by Pastor Doug Kings
Last Sunday I focused my sermon on one of the most fascinating books of the Bible, Job. The sufferings of the modern world, especially in the wake of two world wars, have given this ancient book renewed interest. It is one of the most “modern” books of all those in the Bible (Ecclesiastes would be another candidate for that title).
Job is modern not only for asking about the meaning of suffering but also because, in the end, it doesn’t give an answer! Job’s three “friends” insist that he must have sinned, and his sufferings are God’s punishment. Confess your sins, God will forgive you, and your sufferings will end, Job’s friends counsel him.
There’s just one problem with your thinking, Job replies. I haven’t sinned; I’m a good man. And the story makes clear that is true. He can’t confess something he hasn’t done. Job wants a meeting with God to get this straightened out. But when God appears (in a whirlwind) near the book’s end, what he gets instead is a 4-chapter lecture on the mysteries of God’s universe.
Job gets the point: all of this is above his pay grade. His sufferings, and the workings of the universe in general, are beyond his or anyone’s understanding. At the end, God restores to Job what he’s lost—including ten new children! But his experience of suffering, of course, cannot be erased. God also chastises Job’s friends for their ignorance and arrogance. Thus God, too, rejects the simplistic notion that God blesses the good people and brings suffering upon the bad—a reality most people know from their own experience.
Job is remarkable. It’s prose and poetry are not just some of the best in the Bible, but among the best in all the ancient Near East. Its author (anonymous, of course) wrestles with the depths of human experience in a way that causes his readers to do the same. Job is no “easy read.” It rejects much of the simplistic piety of the Bible itself—piety that remains popular to this day.
In the end, the reader is left with the most fundamental question: Is life worth living—life as it really is, not as we might fantasize it could be? The answer of Job’s author, I believe, is yes. But his answer isn’t obvious or easily arrived at.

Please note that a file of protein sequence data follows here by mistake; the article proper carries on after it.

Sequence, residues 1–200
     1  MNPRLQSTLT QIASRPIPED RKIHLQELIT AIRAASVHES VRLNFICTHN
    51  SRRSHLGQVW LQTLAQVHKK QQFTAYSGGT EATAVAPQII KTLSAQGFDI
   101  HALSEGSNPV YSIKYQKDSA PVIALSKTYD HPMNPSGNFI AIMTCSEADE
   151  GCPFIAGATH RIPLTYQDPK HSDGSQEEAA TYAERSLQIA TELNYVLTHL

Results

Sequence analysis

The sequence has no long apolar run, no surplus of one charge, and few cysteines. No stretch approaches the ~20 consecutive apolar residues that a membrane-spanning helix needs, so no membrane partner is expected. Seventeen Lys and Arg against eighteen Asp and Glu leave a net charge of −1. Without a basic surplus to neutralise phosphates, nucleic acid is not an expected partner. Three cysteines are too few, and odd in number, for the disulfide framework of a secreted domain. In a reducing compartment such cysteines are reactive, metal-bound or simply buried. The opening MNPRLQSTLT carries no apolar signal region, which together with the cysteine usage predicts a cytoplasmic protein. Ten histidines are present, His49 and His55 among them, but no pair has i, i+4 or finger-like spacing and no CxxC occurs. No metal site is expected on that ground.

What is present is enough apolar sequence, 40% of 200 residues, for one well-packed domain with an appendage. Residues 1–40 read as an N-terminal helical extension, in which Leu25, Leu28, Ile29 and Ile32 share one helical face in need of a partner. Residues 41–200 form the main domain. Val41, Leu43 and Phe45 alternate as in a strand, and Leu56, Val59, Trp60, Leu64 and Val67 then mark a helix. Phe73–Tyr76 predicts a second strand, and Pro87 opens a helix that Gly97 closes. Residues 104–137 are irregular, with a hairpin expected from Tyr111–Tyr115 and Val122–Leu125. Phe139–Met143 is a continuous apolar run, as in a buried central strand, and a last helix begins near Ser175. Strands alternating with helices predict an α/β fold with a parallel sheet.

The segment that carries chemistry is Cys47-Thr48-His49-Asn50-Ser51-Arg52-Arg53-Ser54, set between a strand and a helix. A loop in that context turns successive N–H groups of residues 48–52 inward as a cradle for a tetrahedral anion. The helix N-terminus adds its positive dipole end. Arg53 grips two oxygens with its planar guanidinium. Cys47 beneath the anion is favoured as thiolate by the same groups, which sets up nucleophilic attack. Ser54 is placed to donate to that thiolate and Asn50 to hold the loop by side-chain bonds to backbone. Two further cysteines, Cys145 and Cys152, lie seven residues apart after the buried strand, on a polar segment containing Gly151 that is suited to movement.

The problem many religious people today have with Job, and the Bible generally, is that they don’t know how to read it. Since the Enlightenment, our culture has elevated writing that provides clear and certain information. We want “just the facts,” as Joe Friday would say. While other types of writing, such as fiction and poetry, are still valued, we often not sure what their value is.
Job clearly falls into this latter category. As a result, many Christians, and especially fundamentalists, mostly pass it by. This is unfortunate because Job is full of riches, but not the kind that provide easy answers to create doctrines, creeds, or quick solutions to our problems. Instead, its value comes in the act of reading and listening to its words and entering into its story.
This kind of reading has a long history within Christianity and even has a name, Lectio Divina, from the Latin for “sacred reading.” The website anglicancommunion.org has this explanation:
Lectio Divina is a contemplative way of reading the Bible…. It is a way of praying the scriptures that leads us deeper into God’s word.… Scripture begins to speak to us in a new way. It speaks to us personally, and aids that union we have with God through Christ who is himself the Living Word….
So, Lectio is not Bible study or even an alternative to Bible study but something radically different. The practice understands Scripture as a meeting place for a personal encounter with the Living God. It is a practice we come to with the desire to be changed…. Through it we allow ourselves to be formed in the likeness of Christ; it is about formation rather than instruction.
Reading the Bible in this way, we are listening for what Luther called the viva vox, the “living voice” of God. This is a word that speaks as much or more to our heart than to our head. In the case of Job, it enables us to identify with the character’s struggle, share in his experience, and connect with our own.
After his experience with God in the whirlwind, Job acknowledges his ignorance and lack of understanding. More importantly, however, he says he has a new relationship with God:
I had heard of you by the hearing of the ear, but now my eye sees you.
In other words, Job has gone from an understanding of God based on what he had learned to a knowledge of God based on his own experience. For that reason, he says that he now “repents,” which does not mean to feel guilty but to change one’s thinking and life direction.
This is the objective of Lectio Divina, or spiritual reading. We don’t read to become “knowledgeable” so we can answer Bible trivia questions or engage in scripture quoting contests with our Baptist cousin. Rather, we read to be spoken to and to appreciate our own experience and life in a new and renewing way. We read to allow God’s viva vox to reassure us of our infinite value, to know we are never alone, to be shaped by Christ’s love that is the foundation of all creation, and to experience our union with God and all things through the Spirit.
Blessings in your life and ministry.